Initial evaluation of acoustic reflectors for the preservation of sensitive abdominal skin areas during MRgFUS treatment

Krzysztof R. Gorny, Shigao Chen, Nicholas J. Hangiandreou, Gina K. Hesley, David A. Woodrum, Douglas L. Brown, Joel P. Felmlee

Research output: Contribution to journalArticle

9 Scopus citations

Abstract

During MR-guided focused ultrasound (MRgFUS) treatments of uterine fibroids using ExAblate2000 (InSightec, Haifa, Israel), individual tissue ablations are performed extracorporeally through the patient's abdomen using an annular array FUS transducer embedded within the MR table. Ultrasound intensities in the near field are below therapeutic levels and, under normal conditions, heating of the patient skin is minimal. However, increased absorption of ultrasound energy within sensitive skin areas or areas with differing acoustic properties, such as scars, may lead to skin burns and therefore these areas must be kept outside the near field of the FUS beam. Depending on their location and size the sensitive areas may either obstruct parts of the fibroid from being treated or prevent the entire MRgFUS treatment altogether. The purpose of this work is to evaluate acoustic reflector materials that can be applied to protect skin and the underlying sensitive areas. Reflection coefficients of cork (0.88) and foam (0.91) based materials were evaluated with a hydrophone. An ExAblate 2000 MRgFUS system was used to simulate clinical treatment with discs of reflector materials placed in a near field underneath a gel phantom. MR thermometry was used to monitor temperature elevations as well as the integrity of the focal spot. The phantom measurements showed acoustic shadow zones behind the reflectors with zone depths changing between 7 and 27 mm, for reflector disc diameters increasing from 10 to 30 mm (40 mm diameter discs completely blocked the FUS beam at the depth evaluated). The effects on thermal lesions due to the presence of the reflectors in the FUS beam were found to diminish with decreasing disc diameter and increasing sonication depth. For a 20 mm diameter disc and beyond 50 mm sonication depth, thermal lesions were minimally affected by the presence of the disc. No heating was observed on the skin side of the foam reflectors, as confirmed by measurements performed with adhesive temperature labels. We present these data and discuss possible applications to clinical MRgFUS treatments.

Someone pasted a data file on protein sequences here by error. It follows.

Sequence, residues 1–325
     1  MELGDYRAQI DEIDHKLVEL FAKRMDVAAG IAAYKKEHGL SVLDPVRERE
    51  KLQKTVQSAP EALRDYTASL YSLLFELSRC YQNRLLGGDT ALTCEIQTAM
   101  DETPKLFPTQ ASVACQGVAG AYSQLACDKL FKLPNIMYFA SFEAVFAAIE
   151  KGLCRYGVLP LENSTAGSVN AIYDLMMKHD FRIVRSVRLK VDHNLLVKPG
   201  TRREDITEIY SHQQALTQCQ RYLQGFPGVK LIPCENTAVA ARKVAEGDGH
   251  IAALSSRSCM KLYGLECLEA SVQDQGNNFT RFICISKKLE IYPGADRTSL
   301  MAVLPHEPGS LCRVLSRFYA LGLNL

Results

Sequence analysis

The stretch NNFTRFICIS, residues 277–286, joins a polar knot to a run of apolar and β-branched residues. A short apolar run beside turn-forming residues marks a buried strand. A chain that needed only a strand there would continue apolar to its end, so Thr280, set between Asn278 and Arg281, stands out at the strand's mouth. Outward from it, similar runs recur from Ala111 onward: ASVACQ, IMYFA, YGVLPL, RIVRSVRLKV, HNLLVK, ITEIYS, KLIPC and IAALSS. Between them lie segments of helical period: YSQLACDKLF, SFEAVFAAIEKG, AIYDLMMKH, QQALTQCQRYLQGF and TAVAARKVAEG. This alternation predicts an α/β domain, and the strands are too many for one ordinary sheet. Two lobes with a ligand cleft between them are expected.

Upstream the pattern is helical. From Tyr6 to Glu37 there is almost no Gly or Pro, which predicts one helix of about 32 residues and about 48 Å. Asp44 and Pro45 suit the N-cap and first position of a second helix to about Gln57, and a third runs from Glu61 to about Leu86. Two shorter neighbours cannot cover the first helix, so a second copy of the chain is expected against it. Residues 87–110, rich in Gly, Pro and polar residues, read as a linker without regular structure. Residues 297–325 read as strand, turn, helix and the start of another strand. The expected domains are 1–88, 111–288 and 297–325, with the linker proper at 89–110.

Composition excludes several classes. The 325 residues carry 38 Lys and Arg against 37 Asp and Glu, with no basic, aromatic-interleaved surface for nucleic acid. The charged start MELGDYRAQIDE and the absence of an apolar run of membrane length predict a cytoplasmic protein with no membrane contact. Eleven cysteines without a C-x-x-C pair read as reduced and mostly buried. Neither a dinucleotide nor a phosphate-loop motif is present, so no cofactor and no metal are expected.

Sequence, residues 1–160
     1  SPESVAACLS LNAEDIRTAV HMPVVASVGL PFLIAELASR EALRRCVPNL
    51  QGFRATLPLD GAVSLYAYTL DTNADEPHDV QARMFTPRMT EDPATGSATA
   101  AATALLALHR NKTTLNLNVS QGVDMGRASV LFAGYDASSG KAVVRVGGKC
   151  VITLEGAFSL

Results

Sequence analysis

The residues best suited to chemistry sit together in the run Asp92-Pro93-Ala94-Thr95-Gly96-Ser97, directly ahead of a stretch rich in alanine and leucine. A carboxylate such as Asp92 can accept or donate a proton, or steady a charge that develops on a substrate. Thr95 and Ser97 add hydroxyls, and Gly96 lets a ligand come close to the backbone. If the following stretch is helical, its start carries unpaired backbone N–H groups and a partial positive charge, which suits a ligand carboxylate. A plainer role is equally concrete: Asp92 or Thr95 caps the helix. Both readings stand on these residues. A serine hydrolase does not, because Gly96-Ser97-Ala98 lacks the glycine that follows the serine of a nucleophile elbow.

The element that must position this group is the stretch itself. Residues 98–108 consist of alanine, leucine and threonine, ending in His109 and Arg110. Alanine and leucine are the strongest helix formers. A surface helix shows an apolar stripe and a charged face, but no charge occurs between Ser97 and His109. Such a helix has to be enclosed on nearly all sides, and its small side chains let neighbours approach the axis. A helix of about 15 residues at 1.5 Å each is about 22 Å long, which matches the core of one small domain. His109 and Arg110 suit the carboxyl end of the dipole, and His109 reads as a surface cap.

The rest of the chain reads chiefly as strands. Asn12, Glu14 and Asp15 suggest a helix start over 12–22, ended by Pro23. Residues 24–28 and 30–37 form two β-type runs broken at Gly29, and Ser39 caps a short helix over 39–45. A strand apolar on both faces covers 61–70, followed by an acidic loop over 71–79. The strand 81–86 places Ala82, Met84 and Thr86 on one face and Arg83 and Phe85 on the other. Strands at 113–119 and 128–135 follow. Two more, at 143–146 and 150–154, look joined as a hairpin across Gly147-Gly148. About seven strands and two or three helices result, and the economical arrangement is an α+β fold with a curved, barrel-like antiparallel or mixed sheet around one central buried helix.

Original languageEnglish (US)
Pages (from-to)N125-N133
JournalPhysics in medicine and biology
Volume54
Issue number8
DOIs
StatePublished - Apr 20 2009

ASJC Scopus subject areas

  • Radiological and Ultrasound Technology
  • Radiology Nuclear Medicine and imaging

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